The key is the following integral representation:

\begin{equation}
\begin{aligned}
s_n(z)&:= \sum_{j>n} \frac{z^j e^{-j/n}}j \\
&=\sum_{j>n} z^j e^{-j/n} \int_0^\infty du\,e^{-ju} \\
&=\int_0^\infty du\,\sum_{j>n} z^j e^{-j/n}e^{-ju} \\
&=\frac{z^{n+1}}{e^{1+1/n}}\,\int_0^\infty du\,\frac{e^{-(n+1)u}}{1-z e^{-u-1/n}} \\
&=\frac{z^{n+1}}{e^{1+1/n}}\,\int_0^\infty dv\,\frac{e^{-v-v/n}}{n(1-z e^{-(v+1)/n})}.
\end{aligned} \tag{1}
\end{equation}
Next, with $n\ge1$, $|z|=1$, and $v>0$,
\begin{equation*}
|1-z e^{-(v+1)/n}|\ge1-e^{-(v+1)/n}\ge1-\frac1{1+(v+1)/n}=\frac{v+1}{n+v+1},
\end{equation*}
whence
\begin{equation*}
\Big|\frac{e^{-v-v/n}}{n(1-z e^{-(v+1)/n})}\Big|
\le2e^{-v}. \tag{2}
\end{equation*}
Also, for all real $t$ and all real $v>0$,
\begin{equation*}
\Big|\frac{e^{-v}}{1+v-it}\Big|\le e^{-v}. \tag{3}
\end{equation*}

Suppose now that $n\to\infty$ and $z=e^{it/n}$ for some real number $t$ possibly varying with $n$ but staying bounded. Then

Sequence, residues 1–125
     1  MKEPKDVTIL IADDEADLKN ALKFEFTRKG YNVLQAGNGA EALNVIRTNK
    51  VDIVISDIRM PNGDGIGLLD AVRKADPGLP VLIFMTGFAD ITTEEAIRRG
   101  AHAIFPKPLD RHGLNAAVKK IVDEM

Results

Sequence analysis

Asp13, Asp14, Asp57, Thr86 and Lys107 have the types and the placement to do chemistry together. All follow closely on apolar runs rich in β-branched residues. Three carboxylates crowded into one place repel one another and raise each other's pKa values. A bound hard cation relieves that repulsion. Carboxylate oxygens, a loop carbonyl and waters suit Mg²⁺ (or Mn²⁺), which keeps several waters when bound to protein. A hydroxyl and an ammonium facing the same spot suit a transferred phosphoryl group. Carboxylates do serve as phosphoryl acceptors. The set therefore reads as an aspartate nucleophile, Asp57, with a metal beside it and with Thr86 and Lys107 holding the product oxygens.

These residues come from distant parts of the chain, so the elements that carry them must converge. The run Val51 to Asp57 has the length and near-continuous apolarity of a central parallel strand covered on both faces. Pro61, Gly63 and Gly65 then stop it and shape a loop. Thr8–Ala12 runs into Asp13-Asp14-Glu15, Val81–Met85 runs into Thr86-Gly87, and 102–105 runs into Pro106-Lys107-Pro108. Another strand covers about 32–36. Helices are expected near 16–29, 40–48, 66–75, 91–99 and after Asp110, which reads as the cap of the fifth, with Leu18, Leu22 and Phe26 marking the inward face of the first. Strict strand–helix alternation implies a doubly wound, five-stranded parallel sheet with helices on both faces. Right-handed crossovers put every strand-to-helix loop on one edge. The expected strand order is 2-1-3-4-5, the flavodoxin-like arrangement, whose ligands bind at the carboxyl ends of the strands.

\begin{equation*}
\frac{e^{-v-v/n}}{n(1-z e^{-(v+1)/n})}=\frac{e^{-v}}{1+v-it}+o(1)
\end{equation*}
for each real $v>0$.
So, by (1), (2), (3) and dominated convergence,
\begin{align*}
s_n(z)&=
\frac{e^{it}}e\,\int_0^\infty dv\,\frac{e^{-v}}{1+v-it}+o(1)=\Gamma(0,1-i t)+o(1).
\end{align*}

On the other hand, if for $z$ with $|z|=1$ it is not true that $z=e^{it/n}$ for some real number $t$ possibly varying with $n$ but staying bounded, then without loss of generality $n(1-z)\to\infty$, whence
\begin{equation*}
n|1-z e^{-(v+1)/n}|\ge n|1-z|-(v+1)\to\infty
\end{equation*}
for each real $v>0$.
So, by (1), (2), and dominated convergence, $|s_n(z)|\to0$.

So,
\begin{equation*}
-f_n=\min_{|z|=1} \Re s_n(z)\to\mu,
\end{equation*}
where
\begin{equation*}
\mu:=\min_{t>0}r(t),\quad r(t):=\Re\Gamma(0,1-i t).
\end{equation*}
(According to Mathematica's numerics, $\mu=r(t_*)=-0.12686\dots$, where $t_*=2.0287\dots$.)